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Vaccines (Basel) ; 10(4)2022 Apr 13.
Article in English | MEDLINE | ID: covidwho-1786111


Poorer outcomes have been reported with COVID-19 and influenza coinfections. As the COVID-19 pandemic rages on, protection against influenza by vaccination is becoming increasingly important. This study examines how COVID-19 has influenced influenza vaccination intentions from a global perspective. A literature search was conducted on Embase, PubMed, and CNKI from 1 January 2019 to 31 December 2021 for articles reporting rates of influenza vaccination pre-COVID-19 (19/20 season), and intention and/or uptake of influenza vaccination post-COVID-19 (20/21 season). The changes in vaccination intention and reasons for changes were reported. Subgroup analyses were performed by region, gender, age, and occupation. Newcastle Ottawa Scale was used for quality assessment of the articles. Twenty-seven studies with 39,193 participants were included. Among 22 studies reporting intention to vaccinate in 20/21, there was increased intention to vaccinate (RR 1.50, 95% CI 1.32-1.69, p < 0.001) regardless of age, gender, and occupation. The remaining five studies reporting vaccination intention and uptake in 20/21 showed a similar increase (RR 1.68, 95%CI 1.20-2.36). Important determinants include historical vaccine acceptance, and perception of influenza severity and vaccine safety. The COVID-19 pandemic has increased intention to vaccinate against influenza internationally. The pandemic could be a window of opportunity to promote influenza vaccination and decrease vaccine hesitancy.

Front Cardiovasc Med ; 8: 755822, 2021.
Article in English | MEDLINE | ID: covidwho-1507107


Background: Infectious control measures during the COVID-19 pandemic have led to the propensity toward telemedicine. This study examined the impact of telemedicine during the pandemic on the long-term outcomes of ST-segment elevation myocardial infarction (STEMI) patients. Methods: This study included 288 patients admitted 1 year before the pandemic (October 2018-December 2018) and during the pandemic (January 2020-March 2020) eras, and survived their index STEMI admission. The follow-up period was 1 year. One-year primary safety endpoint was all-cause mortality. Secondary safety endpoints were cardiac readmissions for unplanned revascularisation, non-fatal myocardial infarction, heart failure, arrythmia, unstable angina. Major adverse cardiovascular events (MACE) was defined as the composite outcome of each individual safety endpoint. Results: Despite unfavorable in-hospital outcomes among patients admitted during the pandemic compared to pre-pandemic era, both groups had similar 1-year all-cause mortality (11.2 vs. 8.5%, respectively, p = 0.454) but higher cardiac-related (14.1 vs. 5.1%, p < 0.001) and heart failure readmissions in the pandemic vs. pre-pandemic groups (7.1 vs. 1.7%, p = 0.037). Follow-up was more frequently conducted via teleconsultations (1.2 vs. 0.2 per patient/year, p = 0.001), with reduction in physical consultations (2.1 vs. 2.6 per patient/year, p = 0.043), during the pandemic vs. pre-pandemic era. Majority achieved guideline-directed medical therapy (GDMT) during pandemic vs. pre-pandemic era (75.9 vs. 61.6%, p = 0.010). Multivariable Cox regression demonstrated achieving medication target doses (HR 0.387, 95% CI 0.164-0.915, p = 0.031) and GDMT (HR 0.271, 95% CI 0.134-0.548, p < 0.001) were independent predictors of lower 1-year MACE after adjustment. Conclusion: The pandemic has led to the wider application of teleconsultation, with increased adherence to GDMT, enhanced medication target dosing. Achieving GDMT was associated with favorable long-term prognosis.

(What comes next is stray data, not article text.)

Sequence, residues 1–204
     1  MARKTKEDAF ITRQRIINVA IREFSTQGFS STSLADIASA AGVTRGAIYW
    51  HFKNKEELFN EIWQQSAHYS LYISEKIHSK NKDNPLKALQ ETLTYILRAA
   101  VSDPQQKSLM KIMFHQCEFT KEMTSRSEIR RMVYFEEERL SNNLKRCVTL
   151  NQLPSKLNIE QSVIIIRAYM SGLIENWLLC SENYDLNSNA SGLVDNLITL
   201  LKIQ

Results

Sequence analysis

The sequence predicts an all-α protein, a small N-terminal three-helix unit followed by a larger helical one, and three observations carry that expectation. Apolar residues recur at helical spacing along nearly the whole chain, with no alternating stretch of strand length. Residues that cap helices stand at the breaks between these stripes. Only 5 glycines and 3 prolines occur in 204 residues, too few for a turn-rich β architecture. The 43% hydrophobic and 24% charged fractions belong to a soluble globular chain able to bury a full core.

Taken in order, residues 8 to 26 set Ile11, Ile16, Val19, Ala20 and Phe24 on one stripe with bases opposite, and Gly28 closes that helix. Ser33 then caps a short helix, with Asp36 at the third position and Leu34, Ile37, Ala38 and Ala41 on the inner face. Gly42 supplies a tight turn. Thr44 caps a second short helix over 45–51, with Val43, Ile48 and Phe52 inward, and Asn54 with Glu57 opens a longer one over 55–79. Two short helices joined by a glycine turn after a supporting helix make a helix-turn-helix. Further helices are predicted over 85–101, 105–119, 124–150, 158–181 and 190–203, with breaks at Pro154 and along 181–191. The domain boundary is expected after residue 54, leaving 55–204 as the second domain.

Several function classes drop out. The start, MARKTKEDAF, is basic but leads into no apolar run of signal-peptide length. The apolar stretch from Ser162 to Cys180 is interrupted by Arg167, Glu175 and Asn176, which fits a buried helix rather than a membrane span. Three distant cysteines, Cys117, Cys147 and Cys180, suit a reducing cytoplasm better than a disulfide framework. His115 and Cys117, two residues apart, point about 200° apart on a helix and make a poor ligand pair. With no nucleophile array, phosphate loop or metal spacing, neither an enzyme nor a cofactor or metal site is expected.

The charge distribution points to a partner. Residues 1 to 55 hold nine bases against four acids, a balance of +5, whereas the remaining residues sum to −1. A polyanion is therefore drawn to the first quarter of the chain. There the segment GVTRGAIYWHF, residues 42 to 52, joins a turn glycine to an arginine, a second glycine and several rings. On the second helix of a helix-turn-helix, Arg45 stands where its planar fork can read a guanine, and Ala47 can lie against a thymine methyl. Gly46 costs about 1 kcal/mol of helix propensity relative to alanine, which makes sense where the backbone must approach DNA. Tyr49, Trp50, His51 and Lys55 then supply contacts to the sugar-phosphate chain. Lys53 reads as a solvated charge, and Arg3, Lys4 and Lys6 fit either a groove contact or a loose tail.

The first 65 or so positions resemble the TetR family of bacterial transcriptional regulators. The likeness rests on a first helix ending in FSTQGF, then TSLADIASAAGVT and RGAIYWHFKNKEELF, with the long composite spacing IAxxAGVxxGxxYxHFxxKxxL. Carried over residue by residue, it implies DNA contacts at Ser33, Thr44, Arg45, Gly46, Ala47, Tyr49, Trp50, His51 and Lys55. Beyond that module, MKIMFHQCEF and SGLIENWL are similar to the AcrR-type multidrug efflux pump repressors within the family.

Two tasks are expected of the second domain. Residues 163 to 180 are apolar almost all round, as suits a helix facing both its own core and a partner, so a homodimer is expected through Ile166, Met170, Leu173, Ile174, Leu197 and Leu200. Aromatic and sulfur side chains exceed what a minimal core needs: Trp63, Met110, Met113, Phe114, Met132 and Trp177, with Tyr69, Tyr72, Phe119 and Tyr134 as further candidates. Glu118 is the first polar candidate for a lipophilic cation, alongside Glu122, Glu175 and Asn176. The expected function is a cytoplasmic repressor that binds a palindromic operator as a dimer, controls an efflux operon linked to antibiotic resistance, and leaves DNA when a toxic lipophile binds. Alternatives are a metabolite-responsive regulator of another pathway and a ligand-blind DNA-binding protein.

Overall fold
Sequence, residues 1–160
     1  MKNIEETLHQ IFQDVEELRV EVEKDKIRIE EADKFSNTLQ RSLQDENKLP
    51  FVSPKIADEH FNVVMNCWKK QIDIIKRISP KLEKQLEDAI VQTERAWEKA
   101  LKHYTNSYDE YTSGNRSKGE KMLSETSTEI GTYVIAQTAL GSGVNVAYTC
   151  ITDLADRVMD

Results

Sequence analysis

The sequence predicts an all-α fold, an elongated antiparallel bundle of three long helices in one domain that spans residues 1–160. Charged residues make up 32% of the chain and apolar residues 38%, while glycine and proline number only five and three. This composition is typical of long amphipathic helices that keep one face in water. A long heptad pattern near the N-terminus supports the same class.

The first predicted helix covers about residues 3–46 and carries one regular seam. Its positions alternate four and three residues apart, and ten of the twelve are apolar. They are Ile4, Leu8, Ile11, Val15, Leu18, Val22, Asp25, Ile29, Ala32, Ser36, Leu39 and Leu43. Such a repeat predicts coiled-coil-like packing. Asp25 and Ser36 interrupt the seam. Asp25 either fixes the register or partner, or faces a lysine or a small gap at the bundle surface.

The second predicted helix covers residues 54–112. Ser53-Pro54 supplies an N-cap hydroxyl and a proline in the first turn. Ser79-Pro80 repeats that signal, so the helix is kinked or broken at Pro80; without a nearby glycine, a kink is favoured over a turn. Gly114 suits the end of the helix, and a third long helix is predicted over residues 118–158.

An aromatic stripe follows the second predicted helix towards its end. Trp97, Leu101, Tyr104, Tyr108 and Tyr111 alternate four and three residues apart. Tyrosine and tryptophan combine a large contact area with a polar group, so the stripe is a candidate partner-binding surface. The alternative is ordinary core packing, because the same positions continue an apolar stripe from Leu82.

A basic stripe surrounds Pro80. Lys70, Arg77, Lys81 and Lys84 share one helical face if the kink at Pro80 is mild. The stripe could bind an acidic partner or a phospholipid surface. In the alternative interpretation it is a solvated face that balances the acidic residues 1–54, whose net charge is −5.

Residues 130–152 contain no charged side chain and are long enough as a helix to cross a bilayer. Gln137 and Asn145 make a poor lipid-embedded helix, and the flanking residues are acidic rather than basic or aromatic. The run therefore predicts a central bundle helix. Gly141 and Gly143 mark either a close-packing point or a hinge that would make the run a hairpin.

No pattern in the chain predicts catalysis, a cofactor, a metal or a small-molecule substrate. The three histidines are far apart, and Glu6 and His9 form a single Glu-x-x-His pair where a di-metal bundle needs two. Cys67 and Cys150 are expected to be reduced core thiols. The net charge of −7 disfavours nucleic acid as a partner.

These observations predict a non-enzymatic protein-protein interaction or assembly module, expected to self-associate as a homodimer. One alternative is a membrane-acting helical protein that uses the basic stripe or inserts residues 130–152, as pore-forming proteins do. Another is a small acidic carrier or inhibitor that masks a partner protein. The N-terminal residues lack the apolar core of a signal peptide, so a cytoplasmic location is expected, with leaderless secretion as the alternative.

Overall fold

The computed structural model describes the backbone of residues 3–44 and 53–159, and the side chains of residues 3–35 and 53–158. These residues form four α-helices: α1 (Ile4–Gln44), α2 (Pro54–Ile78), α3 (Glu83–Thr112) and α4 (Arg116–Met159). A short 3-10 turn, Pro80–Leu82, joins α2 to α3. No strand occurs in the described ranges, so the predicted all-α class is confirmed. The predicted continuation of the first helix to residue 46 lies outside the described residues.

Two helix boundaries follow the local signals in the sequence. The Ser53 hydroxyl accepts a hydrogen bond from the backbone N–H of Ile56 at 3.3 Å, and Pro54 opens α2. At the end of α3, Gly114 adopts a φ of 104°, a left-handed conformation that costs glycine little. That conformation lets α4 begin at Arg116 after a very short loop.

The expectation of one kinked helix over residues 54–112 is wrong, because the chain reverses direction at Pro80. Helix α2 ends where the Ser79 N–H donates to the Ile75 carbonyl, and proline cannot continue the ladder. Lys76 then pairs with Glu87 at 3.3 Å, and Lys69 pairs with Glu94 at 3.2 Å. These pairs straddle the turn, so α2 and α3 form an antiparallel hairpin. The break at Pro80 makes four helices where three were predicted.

Int J Infect Dis ; 106: 52-60, 2021 May.
Article in English | MEDLINE | ID: covidwho-1279600


OBJECTIVE: In the fight against COVID-19, vaccination is vital in achieving herd immunity. Many Asian countries are starting to vaccinate frontline workers; however, expedited vaccine development has led to hesitancy among the general population. We evaluated the willingness of healthcare workers to receive the COVID-19 vaccine. METHODS: From 12 to 21 December 2020, we recruited 1720 healthcare workers from 6 countries: China, India, Indonesia, Singapore, Vietnam and Bhutan. The self-administrated survey collected information on willingness to vaccinate, perception of COVID-19, vaccine concerns, COVID-19 risk profile, stigma, pro-socialness scale, and trust in health authorities. RESULTS: More than 95% of the healthcare workers surveyed were willing to vaccinate. These respondents were more likely to perceive the pandemic as severe, consider the vaccine safe, have less financial concerns, less stigmatization regarding the vaccine, higher pro-socialness mindset and trust in health authorities. A high perceived pandemic risk index, low vaccine harm index and high pro-socialness index were independent predictors in multivariable analysis. CONCLUSIONS: The majority of healthcare workers in Asia are willing to receive COVID-19 vaccination. Perceived COVID-19 susceptibility, low potential risk of vaccine harm and pro-socialness are the main drivers. These findings may help formulate vaccination strategies in other countries.

Attitude to Health , COVID-19 Vaccines/immunology , Health Personnel/psychology , Perception , Vaccination/psychology , Adult , Asia , Cross-Sectional Studies , Humans , Immunity, Herd , Male , Pandemics/prevention & control , Social Stigma , Surveys and Questionnaires